Can someone explain the role of Kant's philosophy in analytic philosophy? As an example, is the noumenon/phenomenon-distinction important for analytic philosophers? When we see a green tree, is the greenness assumed to be a real perception (or something real about the external world?) for analytic philosophers?

  • Analytic philosophy is a methodological category and not bound to a specific content. Therefore, I do not see how your question makes sense. For some analytic philosophers it is the one, for others the other.
    – Philip Klöcking
    Jul 27, 2022 at 21:17
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    Analytic philosophers are mainly (neo) logicists and (neo) positivists with an emphasis on language and analysis known as the linguistic turn of 20th century philosophy de-emphasizing a priori metaphysics, thus Kant's noumenon/phenomenon distinction is unimportant as noumenon as a conceptual class resists further analysis. But his transcendental logic may be of interest to analytic philosophers if some transcendental propositions can be well-defined in some language framework since almost everything in Kant's logic is subjective and thus may be intersubjectively describable and analyzable... Jul 28, 2022 at 4:55
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    Sense-data are pretty much dead in analytic philosophy. Wittgenstein and Quine finished them off. So, there is a time in analytic tradition when sense-data were important and a time after. It is very difficult to follow the debates that are the body of analytic tradition if you don't start at the beginning -- Frege and Russell -- and work your way up. With respect to Kant, see my answer below.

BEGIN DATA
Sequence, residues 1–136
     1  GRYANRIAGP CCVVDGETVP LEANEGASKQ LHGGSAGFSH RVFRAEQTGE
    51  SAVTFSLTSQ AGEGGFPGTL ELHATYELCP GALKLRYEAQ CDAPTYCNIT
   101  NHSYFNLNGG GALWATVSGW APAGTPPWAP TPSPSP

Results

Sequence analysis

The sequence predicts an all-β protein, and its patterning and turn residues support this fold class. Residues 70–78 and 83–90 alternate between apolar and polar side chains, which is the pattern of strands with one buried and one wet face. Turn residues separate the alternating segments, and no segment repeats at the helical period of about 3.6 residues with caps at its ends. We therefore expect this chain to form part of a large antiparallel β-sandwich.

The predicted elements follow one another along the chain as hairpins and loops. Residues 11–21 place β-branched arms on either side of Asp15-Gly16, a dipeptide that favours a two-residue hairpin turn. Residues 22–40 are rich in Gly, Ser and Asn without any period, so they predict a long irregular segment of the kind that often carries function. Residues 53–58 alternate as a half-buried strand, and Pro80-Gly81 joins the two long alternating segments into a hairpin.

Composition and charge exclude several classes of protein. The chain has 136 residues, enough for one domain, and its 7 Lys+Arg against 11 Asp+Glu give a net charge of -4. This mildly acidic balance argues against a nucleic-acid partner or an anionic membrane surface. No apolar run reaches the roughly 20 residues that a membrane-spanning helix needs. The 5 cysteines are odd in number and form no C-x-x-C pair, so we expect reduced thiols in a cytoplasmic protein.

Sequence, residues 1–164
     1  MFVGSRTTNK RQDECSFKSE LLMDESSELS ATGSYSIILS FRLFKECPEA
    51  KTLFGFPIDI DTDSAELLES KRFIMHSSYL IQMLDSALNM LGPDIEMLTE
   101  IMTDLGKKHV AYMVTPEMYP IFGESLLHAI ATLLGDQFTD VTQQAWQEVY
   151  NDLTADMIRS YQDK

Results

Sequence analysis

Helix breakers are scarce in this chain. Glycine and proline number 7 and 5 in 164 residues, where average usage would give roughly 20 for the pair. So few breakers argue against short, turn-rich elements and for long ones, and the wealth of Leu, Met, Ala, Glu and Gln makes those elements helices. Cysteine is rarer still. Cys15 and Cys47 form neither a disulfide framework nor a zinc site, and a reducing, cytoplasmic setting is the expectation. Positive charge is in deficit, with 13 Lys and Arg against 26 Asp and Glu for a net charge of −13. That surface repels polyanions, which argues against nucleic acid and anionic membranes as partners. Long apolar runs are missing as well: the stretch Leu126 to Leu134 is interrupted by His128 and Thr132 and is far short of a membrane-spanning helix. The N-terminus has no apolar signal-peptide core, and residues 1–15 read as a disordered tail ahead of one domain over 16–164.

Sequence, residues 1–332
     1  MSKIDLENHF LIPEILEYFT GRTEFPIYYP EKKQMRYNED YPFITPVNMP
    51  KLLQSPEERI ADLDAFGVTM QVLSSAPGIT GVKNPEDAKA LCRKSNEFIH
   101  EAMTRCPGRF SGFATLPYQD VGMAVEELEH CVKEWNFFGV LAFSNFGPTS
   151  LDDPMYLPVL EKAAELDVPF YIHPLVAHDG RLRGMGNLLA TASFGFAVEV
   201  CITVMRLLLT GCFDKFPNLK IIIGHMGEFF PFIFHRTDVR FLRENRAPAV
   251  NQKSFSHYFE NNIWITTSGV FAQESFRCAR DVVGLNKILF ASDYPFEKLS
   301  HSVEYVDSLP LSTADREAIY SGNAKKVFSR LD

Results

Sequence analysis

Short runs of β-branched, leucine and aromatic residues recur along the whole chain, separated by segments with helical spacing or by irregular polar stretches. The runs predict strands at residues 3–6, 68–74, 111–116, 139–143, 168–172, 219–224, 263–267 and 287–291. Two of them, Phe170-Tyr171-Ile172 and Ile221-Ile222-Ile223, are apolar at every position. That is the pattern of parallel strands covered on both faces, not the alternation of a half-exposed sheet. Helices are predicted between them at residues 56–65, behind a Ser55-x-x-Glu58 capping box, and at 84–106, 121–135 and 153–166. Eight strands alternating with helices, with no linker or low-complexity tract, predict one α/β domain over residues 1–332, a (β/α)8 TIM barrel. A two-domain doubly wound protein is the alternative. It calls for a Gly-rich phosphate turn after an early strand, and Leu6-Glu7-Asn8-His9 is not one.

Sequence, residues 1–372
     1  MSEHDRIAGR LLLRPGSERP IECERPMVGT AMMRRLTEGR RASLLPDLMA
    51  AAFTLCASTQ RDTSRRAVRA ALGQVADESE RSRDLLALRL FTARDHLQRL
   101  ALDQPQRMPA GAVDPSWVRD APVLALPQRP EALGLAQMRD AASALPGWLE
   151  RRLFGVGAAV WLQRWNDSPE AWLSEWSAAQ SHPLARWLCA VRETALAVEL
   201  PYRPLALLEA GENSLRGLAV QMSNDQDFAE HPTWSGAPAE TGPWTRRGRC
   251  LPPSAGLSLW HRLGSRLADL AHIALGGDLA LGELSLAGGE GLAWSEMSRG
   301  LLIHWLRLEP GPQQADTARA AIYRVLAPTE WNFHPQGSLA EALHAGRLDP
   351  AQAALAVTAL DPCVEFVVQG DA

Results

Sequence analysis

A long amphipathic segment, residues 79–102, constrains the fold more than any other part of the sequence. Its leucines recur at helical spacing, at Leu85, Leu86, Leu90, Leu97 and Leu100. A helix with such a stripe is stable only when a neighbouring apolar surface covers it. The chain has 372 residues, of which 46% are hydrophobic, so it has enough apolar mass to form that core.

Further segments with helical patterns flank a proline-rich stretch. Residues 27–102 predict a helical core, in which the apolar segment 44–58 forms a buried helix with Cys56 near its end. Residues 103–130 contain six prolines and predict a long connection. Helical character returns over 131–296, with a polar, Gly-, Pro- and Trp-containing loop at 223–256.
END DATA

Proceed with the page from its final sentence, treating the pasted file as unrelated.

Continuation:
– user14511
    Jul 28, 2022 at 9:28
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    Almost mind-independent sense data with obvious inconsistency trying to bridge the perennial demarcation of the objective and the subjective has been largely replaced with the more subjective and experiential qualia in contemporary (analytic) philosophy of mind for which analytic philosopher Dennett famously rejects while Chalmers argues for it. Understood as a physics student you want to really know physics describes the phenomena or noumenon. For your greenness it's called secondary properties which... Jul 29, 2022 at 1:53
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    traditionally did not belong to physics. However, as shown in my above ref many famous philosophers reject this clear demarcation especially after Kant for whom even space and time are just forms of subjective intuition, thus phenomena/noumenon classification is not really helpful for further understanding of physics. A much better way is through analytic/synthetic perspective which was analytic philosopher Carnap's main project for his scientific language framework as discussed in a yesterday's post... Jul 29, 2022 at 2:01

1 Answer 1


If you mean by analytic philosophy the work of philosophers such as Frege, Moore, Russell, Carnap, Wittenstein, Quine, Davidson, Kuhn or Rorty and others who exchanged ideas with this group of heavy weights, it is fair to say that without a basic understanding of Kant's "Critique of Pure Reason" you lack the foundation of their debates.